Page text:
Search for remains from war suspended

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Search for remains from war suspended

The Pentagon’s efforts to recover the remains of U.S. troops killed in the 1950-53 Korean War has been effectively suspended with the stalled denuclearization negotiations with North Korea.

Lt. Col. Kenneth Hoffman, a spokesman for the U.S. Defense POW/MIA Accounting Agency (DPAA), said in a statement to Reuters on Wednesday that it had not heard from North Korean officials since the second U.S.-North Korea summit in Hanoi in February ended with no deal.

“As a result, our efforts to communicate with the [North] Korean People’s Army regarding the possible resumption of joint recovery operations for 2019 have been suspended,” the spokesman said.

Hoffman added that the DPAA has reached the point where they “can no longer effectively plan, coordinate, and conduct field operations” in North Korea during the current fiscal year, which ends on Sept. 30.

However, Hoffman said the DPAA is “assessing possible next steps” to resume communications with the North Korean army to resume potential joint recovery operations for the next fiscal year.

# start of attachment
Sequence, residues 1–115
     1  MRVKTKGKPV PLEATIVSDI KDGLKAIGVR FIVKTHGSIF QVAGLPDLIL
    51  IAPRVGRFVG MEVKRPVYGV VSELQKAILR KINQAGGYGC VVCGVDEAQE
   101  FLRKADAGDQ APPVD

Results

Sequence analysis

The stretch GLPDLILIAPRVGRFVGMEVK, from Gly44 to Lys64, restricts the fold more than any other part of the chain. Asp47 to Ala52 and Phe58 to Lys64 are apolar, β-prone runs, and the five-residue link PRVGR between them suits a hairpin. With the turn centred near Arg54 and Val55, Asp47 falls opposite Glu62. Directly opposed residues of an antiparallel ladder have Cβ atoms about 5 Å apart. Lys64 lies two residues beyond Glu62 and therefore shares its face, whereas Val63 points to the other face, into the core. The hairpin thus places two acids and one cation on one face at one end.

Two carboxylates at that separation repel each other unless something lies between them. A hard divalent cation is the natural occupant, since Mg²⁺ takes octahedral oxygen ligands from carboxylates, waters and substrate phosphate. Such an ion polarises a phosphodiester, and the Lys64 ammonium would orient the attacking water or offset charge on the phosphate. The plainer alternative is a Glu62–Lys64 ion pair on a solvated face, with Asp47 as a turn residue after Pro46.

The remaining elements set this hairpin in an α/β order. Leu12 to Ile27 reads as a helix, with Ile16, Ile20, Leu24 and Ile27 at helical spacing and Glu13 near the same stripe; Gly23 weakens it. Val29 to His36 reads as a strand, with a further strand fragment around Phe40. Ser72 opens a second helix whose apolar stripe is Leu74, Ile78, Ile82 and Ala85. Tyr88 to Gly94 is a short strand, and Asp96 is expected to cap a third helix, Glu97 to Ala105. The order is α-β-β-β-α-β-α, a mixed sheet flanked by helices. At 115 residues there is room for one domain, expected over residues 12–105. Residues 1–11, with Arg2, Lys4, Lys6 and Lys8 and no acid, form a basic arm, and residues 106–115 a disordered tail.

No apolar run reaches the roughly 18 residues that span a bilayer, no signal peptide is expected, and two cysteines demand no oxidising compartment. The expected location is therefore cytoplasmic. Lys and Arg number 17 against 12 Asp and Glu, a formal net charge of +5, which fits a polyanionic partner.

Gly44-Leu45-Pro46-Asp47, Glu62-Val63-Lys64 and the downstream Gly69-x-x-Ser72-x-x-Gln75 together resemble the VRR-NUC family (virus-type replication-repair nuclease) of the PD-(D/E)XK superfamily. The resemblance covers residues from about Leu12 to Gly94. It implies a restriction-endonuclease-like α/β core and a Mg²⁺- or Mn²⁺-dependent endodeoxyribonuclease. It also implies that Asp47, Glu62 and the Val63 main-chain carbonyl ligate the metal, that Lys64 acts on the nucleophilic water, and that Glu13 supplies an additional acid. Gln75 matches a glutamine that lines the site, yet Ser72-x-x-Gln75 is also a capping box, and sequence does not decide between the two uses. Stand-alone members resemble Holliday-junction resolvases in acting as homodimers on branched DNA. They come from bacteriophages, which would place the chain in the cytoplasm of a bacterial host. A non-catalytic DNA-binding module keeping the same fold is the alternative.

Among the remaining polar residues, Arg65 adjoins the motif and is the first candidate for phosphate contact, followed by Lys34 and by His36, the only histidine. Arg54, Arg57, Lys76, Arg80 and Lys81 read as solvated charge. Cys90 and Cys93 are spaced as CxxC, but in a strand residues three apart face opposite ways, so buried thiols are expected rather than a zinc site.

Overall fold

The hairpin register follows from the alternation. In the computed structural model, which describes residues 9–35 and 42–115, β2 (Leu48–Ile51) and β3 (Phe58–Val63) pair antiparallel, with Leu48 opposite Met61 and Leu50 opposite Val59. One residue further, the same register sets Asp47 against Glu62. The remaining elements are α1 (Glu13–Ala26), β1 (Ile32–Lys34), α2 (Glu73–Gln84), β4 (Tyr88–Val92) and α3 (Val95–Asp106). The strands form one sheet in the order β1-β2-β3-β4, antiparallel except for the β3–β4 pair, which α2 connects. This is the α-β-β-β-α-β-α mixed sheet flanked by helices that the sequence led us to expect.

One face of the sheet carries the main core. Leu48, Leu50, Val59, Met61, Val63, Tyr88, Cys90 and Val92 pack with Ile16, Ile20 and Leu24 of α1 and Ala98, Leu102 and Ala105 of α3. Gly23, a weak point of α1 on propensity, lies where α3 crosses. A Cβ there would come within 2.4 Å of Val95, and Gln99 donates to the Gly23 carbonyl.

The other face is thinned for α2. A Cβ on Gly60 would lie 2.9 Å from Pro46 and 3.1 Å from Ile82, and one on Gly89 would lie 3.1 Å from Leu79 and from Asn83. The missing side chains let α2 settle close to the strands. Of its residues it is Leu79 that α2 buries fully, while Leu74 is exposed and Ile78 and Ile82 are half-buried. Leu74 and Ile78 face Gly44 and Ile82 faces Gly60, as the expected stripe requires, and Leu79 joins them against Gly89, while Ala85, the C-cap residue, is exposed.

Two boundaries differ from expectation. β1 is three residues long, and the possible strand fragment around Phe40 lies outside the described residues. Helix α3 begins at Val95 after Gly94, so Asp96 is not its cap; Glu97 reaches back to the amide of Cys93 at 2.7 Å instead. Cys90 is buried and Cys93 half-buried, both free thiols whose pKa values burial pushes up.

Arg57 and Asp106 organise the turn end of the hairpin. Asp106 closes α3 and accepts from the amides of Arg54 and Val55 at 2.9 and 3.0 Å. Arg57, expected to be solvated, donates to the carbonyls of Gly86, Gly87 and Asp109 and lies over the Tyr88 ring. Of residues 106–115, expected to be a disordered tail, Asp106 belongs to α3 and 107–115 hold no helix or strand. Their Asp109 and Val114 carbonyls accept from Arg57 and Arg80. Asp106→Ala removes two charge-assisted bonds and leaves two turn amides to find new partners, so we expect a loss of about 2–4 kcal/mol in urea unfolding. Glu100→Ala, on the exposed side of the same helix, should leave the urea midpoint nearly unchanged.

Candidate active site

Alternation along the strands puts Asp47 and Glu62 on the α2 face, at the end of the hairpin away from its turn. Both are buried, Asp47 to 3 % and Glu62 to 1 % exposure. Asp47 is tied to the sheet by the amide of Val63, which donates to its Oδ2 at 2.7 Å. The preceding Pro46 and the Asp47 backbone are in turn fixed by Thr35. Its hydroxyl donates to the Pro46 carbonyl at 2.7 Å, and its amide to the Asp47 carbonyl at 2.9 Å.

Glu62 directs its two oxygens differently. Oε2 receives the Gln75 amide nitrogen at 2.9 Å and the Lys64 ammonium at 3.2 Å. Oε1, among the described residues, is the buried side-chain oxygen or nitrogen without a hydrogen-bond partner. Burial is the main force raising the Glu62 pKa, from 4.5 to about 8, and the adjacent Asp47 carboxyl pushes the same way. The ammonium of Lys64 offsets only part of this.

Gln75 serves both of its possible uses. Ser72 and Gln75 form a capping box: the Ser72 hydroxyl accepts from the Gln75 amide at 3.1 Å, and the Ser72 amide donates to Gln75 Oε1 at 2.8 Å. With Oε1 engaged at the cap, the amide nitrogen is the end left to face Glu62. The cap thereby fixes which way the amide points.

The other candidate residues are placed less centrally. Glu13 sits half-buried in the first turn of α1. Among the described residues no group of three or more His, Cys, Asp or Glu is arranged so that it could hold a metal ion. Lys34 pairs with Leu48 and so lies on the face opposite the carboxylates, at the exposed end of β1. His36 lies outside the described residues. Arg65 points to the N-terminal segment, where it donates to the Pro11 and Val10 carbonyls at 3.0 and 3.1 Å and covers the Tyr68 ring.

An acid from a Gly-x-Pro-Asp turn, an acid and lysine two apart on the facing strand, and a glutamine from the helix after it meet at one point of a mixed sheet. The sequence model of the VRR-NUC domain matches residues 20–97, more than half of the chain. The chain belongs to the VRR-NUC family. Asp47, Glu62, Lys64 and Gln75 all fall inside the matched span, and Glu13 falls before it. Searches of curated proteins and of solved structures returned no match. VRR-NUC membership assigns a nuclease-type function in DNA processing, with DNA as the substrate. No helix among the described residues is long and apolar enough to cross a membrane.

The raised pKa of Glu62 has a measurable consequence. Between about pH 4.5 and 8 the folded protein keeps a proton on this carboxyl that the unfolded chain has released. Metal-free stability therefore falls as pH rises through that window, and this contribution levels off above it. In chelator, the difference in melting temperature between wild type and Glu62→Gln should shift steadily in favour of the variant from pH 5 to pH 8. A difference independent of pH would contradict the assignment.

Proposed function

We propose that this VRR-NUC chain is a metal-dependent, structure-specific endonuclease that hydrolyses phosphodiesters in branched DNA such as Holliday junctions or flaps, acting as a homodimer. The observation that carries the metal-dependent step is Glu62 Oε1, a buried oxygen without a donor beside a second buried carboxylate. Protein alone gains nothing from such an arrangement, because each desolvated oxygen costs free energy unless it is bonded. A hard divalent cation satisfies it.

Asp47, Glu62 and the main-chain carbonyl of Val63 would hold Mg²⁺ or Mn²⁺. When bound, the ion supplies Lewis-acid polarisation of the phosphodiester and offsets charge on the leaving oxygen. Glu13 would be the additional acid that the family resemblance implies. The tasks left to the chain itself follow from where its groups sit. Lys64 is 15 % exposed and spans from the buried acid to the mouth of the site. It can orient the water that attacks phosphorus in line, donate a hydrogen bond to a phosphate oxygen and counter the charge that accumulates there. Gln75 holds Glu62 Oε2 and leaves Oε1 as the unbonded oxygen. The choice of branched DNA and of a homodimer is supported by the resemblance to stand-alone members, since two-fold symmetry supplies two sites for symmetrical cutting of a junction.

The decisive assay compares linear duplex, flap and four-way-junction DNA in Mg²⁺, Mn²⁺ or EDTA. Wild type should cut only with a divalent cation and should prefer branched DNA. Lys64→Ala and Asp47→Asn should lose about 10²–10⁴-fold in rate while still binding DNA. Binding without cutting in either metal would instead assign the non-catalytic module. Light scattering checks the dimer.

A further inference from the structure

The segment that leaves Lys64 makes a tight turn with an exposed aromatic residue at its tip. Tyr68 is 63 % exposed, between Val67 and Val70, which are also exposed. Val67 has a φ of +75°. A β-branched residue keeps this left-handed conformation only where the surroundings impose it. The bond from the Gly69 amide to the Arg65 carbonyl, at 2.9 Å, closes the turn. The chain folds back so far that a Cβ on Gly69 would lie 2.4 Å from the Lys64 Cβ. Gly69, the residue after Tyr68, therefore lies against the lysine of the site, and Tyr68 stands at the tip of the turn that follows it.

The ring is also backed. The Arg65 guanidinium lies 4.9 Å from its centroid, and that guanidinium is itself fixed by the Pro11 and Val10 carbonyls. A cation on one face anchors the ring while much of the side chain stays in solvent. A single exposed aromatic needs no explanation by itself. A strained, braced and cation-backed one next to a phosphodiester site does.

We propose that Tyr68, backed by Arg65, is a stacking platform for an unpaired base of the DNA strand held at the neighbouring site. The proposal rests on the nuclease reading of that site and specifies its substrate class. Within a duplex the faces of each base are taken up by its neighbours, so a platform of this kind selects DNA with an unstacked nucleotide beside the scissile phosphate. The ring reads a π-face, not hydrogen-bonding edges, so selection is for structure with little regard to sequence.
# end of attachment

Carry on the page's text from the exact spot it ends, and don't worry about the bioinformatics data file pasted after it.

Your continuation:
The issue of repatriation of remains of U.S. soldiers was one of the items on a four-point statement signed by U.S. President Donald Trump and North Korean leader Kim Jong-un in their first summit in Singapore last June. The June 12 statement read that the United States and North Korea commit to recovering the remains of prisoners of war (POW) and soldiers missing in action (MIA), and “the immediate repatriation of those already identified.”

Repatriation of the U.S. soldiers by North Korea was the only immediately feasible item in the Singapore statement and considered a good-will gesture towards the denuclearization negotiations.

Trump has frequently boasted that as a result of his engagement with North Korea there has been no more nuclear and missile testing and the remains of American soldiers were being returned. However, North Korea last Saturday launched short-range projectiles and on Thursday again launched short-range missiles.

Last July, North Korea handed over 55 boxes of remains of presumed U.S. soldiers, which U.S. Vice President Mike Pence accepted in person in a ceremony in Hawaii after being flown from the Osan Air Base in South Korea. The repatriation was seen by the Trump administration as a sign of Kim’s sincerity in negotiations.

Trump thanked the North Korean leader over Twitter on July 27 for the return of the dead soldiers.

It marked the first return of American remains from North Korea since 2007. Thus far, three U.S. soldiers have been identified from the 55 cases.

The remains of an estimated 5,300 American soldiers have yet to be recovered from North Korea.

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